In fact, you’d have to be a hardcore tree hugger to opt for the Leaf over anything else Nissan produces. Given the choice between a heavy mid-range hatchback that requires constant nourishment from the national grid, and upgrading to a 230bhp BMW 328 sedan that sips its fuel and saves over $1,000 in the process, I know which way I’d swing.

For the Middle East, electric cars make little sense. Think of the implications of plugging only 10% of Sharjah’s traffic into its already struggling power network at the height of summer. If the system struggles now, how will it cope with hundreds of high-drain devices all switching on after hours? Sharjah is not alone. KSA faces a massive rise in the demand for energy over the next decade, and so too do its GCC neighbours. Again, those who support the electric car will say that most charging is done overnight, and that actually helps power companies smooth out power delivery. I’m not sure that’s the case. Limited range and human nature dictates that a lot of charging will still take place during the day, which adds to the pressure on existing power infrastructure.

Even if the Middle East was blessed with a limitless power supply, the prospect of running out of juice in the middle of the desert is frightening. Think it won’t happen? Ask yourself how many times you’ve failed to charge your mobile overnight, or run the amber-light gauntlet as you frantically search for a fuel station as the car begins to splutter. And, if you’ve managed to chance upon a socket to charge your ailing four-door milk cart, being forced to wait the best part of a day before it can be driven again.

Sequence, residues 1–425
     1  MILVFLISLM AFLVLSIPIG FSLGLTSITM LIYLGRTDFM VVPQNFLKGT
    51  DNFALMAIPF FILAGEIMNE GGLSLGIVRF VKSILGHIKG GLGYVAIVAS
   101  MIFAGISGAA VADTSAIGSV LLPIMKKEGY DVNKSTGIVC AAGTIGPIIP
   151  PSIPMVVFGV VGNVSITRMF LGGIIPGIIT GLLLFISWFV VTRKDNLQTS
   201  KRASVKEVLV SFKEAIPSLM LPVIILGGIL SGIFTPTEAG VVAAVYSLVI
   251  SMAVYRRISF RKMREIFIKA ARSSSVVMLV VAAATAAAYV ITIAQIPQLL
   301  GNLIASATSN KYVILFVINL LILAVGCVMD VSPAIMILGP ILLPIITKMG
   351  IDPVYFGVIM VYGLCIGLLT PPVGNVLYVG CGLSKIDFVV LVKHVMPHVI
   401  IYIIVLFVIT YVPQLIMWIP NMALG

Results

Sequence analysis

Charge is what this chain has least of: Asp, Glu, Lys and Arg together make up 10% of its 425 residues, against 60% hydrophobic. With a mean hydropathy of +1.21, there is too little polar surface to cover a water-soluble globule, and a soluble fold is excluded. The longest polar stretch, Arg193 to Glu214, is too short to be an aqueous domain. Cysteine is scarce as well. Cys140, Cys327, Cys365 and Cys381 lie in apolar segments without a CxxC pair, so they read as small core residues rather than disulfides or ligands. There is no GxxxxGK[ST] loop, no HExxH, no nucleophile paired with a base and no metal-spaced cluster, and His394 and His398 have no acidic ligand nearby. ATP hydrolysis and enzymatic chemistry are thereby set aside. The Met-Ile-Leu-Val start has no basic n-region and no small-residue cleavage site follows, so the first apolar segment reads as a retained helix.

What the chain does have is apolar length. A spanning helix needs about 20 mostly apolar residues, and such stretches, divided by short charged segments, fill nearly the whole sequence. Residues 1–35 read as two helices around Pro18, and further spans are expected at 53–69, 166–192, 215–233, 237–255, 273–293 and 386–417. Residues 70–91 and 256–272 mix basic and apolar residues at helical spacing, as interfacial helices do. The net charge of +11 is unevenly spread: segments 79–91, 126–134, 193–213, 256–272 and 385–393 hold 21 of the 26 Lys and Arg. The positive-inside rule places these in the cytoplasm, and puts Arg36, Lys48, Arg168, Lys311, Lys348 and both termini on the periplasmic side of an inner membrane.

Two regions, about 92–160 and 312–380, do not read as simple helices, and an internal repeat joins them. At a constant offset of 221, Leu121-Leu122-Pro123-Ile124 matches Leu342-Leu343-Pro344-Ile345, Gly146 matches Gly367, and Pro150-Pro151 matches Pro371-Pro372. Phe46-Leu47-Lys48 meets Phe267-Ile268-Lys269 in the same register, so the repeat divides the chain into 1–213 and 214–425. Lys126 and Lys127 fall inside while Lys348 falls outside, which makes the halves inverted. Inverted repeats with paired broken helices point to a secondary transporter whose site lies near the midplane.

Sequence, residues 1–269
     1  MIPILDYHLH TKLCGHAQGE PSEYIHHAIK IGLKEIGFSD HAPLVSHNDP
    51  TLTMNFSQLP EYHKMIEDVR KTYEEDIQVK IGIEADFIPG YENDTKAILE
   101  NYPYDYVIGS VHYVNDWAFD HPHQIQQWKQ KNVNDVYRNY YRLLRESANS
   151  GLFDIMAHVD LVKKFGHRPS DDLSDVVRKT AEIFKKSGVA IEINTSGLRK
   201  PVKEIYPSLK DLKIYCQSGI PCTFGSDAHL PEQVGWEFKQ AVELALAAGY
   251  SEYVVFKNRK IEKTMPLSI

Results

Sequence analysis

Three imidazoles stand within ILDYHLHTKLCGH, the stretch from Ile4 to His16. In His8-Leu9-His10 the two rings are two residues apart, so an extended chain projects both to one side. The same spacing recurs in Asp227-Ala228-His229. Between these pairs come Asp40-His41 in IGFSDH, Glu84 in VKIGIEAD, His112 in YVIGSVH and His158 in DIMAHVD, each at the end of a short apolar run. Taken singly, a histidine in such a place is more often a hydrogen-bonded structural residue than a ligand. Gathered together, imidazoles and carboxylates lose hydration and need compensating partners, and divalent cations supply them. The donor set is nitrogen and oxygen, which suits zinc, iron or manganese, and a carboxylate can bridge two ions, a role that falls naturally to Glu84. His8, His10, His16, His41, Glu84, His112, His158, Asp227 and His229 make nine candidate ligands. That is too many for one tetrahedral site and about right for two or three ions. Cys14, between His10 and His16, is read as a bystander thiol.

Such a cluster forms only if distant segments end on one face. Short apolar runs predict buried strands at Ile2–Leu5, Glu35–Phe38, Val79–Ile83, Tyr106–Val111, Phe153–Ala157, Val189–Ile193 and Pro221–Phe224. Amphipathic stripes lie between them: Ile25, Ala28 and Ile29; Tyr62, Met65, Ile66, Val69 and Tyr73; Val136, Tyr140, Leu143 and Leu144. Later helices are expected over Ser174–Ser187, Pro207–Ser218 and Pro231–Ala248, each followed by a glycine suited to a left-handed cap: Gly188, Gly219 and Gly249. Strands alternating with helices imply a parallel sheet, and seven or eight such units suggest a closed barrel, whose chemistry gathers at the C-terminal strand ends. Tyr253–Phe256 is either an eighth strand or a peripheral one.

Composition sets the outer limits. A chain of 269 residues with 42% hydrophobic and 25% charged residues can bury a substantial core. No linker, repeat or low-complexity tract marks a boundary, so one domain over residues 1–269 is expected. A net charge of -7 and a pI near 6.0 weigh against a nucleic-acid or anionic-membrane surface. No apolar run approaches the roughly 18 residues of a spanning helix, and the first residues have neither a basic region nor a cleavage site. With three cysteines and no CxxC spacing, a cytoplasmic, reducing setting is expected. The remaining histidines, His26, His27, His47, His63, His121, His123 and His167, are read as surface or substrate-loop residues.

Electric cars may ultimately provide the answer to our motoring future but there is a long way to go before I could trust my motoring future to the vagaries of lithium ion laptop battery power.

The true alternative lies in refining and developing the plug-in hybrid. While this only reduces the demand on fossil fuels, rather that replace it entirely, it’s the only viable solution for the short to medium term. A small petrol or diesel engine powering a bank of batteries that in turn powers electric motors is the perfect blend of both ideas, and is already employed on a number of cars on the market. One such vehicle is the 193km/h Land Rover Range –e concept, a diesel-V6 and electric hybrid that has a range of 1,110kms:  five times further than the Tesla which, even at the UK’s extravagant fuel prices, makes it one of the most cost effective and fuel efficient vehicles on the planet. It’s also a damn sight more practical.

The system doesn’t require vast sums of cash to install new national infrastructure, and it doesn’t rely on fossil-fuelled power stations to keep it running. More importantly, topping up with fuel in the desert is a lot easier than finding a power socket within range of your dead car.

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PMV Middle East - March 2019